Thursday, May 21st, 2015
Take it Like a Monk
It used to be that people in the public would see one of
us and say, “Hey, I haven’t seen you guys in 30 years.” Today, as our group was chanting along on
John Street, an excited wiry and white haired man remarked, “I haven’t seen you
guys in 40 years.” It came to mind that
time is passing by quickly, and secondly, that this is a confirmation that our
effort to explore different parts of the city was a good experiment. It’s working, people are seeing us again. The need to be more visible as Krishna monks was obvious.
I kept dwelling on the concept of passage of time. A good friend, just the other day, spoke of
another friend, and said this about him, “When I saw him he was walking with a
cane. I was shocked how old he suddenly
had become. He had age marks on his
face.” Then I interjected, and due to
not hearing properly, almost as if I’m getting to the age of hard of hearing.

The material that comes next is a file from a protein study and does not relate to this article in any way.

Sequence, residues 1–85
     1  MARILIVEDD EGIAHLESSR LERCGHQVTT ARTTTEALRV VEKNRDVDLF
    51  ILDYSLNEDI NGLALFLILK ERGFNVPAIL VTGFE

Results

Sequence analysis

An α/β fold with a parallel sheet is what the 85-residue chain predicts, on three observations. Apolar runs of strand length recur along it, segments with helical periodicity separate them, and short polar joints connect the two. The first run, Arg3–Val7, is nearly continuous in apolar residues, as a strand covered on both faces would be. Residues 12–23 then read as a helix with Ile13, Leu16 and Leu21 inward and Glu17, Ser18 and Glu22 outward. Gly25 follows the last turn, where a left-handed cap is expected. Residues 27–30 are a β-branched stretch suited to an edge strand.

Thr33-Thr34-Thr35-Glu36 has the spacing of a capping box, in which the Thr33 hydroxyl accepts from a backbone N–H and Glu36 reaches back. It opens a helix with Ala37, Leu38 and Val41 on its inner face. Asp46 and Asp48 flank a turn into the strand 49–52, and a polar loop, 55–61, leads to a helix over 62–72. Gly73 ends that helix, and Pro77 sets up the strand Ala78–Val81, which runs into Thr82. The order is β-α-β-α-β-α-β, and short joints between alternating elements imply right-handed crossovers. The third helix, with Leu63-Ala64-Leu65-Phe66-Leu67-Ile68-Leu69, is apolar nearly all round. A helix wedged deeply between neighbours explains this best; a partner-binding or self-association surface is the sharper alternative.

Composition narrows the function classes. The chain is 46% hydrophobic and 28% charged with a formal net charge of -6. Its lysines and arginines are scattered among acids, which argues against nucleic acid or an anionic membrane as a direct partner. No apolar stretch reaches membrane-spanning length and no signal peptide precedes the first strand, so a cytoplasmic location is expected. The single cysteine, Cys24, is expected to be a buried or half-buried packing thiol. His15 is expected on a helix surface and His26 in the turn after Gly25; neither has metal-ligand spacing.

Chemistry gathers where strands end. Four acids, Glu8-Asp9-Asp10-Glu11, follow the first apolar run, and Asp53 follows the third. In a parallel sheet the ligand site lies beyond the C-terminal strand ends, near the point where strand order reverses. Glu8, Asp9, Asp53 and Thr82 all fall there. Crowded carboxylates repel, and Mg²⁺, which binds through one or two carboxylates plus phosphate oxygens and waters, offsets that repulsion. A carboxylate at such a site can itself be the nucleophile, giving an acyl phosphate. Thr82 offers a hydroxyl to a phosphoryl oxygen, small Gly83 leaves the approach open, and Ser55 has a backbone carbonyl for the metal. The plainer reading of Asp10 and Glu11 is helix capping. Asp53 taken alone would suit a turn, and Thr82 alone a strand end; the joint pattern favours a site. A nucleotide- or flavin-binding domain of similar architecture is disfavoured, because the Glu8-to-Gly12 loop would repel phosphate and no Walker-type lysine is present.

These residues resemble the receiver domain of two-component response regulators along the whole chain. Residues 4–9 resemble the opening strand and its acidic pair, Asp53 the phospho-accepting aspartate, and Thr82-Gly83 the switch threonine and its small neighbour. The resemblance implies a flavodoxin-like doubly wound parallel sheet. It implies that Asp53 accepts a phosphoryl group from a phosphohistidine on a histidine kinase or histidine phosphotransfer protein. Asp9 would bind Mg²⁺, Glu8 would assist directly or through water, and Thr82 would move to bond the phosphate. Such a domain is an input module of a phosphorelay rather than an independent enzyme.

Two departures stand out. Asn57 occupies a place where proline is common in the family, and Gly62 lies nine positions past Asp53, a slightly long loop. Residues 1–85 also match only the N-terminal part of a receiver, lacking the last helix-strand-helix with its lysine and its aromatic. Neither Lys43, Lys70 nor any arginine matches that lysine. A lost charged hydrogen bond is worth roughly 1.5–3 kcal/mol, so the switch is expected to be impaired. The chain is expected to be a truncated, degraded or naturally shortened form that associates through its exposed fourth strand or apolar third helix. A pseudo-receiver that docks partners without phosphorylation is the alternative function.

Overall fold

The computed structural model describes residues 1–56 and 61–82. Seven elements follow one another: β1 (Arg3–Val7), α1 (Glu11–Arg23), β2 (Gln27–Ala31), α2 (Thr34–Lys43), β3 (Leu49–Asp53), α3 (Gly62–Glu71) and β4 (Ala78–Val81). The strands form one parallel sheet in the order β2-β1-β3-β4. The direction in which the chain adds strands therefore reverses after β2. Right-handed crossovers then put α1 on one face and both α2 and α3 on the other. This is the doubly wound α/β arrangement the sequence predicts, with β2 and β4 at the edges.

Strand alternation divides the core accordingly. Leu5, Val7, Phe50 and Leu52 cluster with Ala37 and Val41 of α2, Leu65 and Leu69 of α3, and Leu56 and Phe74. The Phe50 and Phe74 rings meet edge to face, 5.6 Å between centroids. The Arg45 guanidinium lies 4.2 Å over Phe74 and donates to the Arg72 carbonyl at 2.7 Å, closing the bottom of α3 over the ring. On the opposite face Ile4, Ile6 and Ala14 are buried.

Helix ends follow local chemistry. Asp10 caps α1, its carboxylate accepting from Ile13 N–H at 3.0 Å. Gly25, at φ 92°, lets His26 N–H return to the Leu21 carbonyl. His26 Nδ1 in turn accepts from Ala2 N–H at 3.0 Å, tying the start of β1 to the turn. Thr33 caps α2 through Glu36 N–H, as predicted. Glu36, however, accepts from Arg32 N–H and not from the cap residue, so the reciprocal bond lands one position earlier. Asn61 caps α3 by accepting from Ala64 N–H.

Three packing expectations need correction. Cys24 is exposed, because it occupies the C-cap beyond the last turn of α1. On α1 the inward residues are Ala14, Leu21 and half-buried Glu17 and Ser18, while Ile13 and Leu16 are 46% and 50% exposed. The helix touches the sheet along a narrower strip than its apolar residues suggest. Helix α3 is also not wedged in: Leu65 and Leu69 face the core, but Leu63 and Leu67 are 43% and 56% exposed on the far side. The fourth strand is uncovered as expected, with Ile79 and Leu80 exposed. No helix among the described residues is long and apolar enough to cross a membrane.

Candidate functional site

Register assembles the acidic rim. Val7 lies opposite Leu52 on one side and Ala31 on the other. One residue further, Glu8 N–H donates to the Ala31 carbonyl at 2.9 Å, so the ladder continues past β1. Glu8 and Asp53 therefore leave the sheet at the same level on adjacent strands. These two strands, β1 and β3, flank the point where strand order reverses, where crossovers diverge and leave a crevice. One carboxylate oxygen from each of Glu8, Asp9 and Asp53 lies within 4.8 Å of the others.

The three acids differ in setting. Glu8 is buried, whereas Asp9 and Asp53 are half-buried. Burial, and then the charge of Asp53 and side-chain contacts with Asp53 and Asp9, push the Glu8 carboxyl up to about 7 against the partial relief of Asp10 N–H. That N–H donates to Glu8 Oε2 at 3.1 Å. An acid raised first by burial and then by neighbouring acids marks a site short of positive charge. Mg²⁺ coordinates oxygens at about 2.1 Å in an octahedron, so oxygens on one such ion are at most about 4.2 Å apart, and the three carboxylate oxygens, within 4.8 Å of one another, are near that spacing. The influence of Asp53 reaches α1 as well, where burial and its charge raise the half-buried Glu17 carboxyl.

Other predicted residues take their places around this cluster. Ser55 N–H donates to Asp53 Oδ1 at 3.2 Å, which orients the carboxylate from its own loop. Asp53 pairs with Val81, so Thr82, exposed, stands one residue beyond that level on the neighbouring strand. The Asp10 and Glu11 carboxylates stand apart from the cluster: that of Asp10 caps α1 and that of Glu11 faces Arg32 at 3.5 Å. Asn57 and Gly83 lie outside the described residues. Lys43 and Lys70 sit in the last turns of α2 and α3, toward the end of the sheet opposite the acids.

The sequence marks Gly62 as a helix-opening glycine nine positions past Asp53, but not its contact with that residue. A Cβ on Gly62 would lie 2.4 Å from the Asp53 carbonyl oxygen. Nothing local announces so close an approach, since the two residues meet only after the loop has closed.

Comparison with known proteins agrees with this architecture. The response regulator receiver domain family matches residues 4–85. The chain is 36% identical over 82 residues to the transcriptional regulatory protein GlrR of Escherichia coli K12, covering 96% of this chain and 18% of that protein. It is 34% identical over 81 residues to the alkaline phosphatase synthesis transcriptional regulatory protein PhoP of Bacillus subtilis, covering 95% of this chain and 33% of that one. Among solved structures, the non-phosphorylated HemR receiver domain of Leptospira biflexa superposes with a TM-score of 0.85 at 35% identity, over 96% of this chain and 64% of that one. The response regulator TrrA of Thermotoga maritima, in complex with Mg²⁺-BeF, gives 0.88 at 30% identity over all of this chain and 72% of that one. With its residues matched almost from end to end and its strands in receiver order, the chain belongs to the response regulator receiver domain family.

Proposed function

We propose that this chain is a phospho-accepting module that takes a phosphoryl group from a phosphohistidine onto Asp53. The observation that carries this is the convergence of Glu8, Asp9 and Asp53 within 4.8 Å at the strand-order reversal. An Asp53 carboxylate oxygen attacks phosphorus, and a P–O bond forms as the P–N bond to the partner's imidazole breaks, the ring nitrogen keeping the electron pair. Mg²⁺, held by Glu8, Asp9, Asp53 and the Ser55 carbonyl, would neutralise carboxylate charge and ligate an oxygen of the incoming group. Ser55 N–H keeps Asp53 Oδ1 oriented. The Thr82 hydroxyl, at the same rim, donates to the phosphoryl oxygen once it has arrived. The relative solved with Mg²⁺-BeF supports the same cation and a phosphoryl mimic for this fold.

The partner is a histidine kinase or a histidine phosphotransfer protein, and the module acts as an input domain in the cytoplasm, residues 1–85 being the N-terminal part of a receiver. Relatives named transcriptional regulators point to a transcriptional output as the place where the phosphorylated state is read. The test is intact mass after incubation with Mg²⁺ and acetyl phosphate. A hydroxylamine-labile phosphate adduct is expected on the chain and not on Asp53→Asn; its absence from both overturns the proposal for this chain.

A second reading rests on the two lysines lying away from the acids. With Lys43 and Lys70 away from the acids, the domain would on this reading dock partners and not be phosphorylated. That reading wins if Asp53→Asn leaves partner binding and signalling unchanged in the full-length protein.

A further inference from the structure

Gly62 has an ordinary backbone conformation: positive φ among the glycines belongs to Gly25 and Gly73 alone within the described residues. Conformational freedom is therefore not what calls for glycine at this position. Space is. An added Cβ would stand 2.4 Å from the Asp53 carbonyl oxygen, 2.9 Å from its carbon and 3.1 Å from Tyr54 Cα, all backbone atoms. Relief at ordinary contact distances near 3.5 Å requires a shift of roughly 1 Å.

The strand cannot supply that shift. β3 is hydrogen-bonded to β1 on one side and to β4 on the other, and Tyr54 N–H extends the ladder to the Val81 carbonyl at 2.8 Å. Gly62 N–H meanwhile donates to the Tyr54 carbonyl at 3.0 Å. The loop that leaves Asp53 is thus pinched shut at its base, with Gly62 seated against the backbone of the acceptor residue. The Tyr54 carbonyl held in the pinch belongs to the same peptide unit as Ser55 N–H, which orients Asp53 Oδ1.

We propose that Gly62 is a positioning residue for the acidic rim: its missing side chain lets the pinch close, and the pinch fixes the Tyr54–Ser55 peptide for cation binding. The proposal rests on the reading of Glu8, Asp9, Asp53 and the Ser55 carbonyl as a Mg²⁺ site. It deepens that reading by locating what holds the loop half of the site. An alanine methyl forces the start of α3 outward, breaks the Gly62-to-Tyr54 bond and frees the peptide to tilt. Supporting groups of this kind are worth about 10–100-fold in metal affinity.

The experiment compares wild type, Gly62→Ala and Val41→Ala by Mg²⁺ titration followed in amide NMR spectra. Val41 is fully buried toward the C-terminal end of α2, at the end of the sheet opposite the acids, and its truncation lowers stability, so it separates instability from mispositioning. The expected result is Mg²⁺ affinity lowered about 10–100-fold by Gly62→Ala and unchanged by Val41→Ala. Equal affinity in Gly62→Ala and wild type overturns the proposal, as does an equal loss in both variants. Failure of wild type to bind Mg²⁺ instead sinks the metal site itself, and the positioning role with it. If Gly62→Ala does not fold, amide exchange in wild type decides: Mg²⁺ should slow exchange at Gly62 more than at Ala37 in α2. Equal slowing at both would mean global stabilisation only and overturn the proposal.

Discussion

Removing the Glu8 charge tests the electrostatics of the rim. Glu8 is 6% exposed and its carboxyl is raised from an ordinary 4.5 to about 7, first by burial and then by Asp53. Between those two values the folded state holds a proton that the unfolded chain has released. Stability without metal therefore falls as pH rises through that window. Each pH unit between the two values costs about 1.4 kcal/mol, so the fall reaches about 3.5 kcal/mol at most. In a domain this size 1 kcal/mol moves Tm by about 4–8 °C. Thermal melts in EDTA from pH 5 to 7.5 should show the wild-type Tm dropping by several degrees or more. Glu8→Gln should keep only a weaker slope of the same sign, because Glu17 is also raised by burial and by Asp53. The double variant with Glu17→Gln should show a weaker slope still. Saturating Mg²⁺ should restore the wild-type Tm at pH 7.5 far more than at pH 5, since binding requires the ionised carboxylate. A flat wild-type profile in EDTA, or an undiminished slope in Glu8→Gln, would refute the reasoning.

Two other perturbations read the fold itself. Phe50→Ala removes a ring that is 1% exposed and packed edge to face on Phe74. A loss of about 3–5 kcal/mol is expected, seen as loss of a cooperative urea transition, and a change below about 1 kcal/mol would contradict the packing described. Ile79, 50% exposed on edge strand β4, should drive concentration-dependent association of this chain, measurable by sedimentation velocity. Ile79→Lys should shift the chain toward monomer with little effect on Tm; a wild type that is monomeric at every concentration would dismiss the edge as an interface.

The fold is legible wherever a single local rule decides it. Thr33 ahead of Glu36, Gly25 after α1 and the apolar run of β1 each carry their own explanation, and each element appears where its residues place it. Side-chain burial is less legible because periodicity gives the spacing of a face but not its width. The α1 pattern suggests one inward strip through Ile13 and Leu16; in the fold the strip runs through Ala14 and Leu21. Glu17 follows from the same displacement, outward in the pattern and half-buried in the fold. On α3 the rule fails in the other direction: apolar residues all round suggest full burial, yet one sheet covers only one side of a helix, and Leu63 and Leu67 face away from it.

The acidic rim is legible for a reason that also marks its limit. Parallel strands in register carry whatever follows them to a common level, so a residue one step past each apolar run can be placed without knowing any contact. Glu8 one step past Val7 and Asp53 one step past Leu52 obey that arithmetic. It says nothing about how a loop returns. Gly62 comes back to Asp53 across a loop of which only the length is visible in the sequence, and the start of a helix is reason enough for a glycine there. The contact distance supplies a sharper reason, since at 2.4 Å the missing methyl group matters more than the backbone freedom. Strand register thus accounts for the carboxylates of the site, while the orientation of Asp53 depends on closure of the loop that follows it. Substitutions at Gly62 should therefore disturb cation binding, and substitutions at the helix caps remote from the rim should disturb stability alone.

“What did you say?
He’s got Aids marks on his face?”
“No!” I was
corrected, “AGE marks.”
“We’re all getting older,” was my thought, “and it is
happening fast.” I have these mental
glimpses of myself on the streets of Toronto when I was a young whipper snapper
of sorts, doing the same thing, chanting on the streets. What comes to mind is a message of the Gita,
wherein a verse implies the movement of the soul recycling itself rather
swiftly. “As the embodied soul
continually passes in this body from boyhood, to adulthood, to old age, the
soul similarly passes into another body at death. A mature person is not bewildered by such a
By this method, youth is followed by old age, so what is
there to worry about? We can look at
aging from a mature perspective. We must
learn to take it like a ma… monk.
May the Source be with you!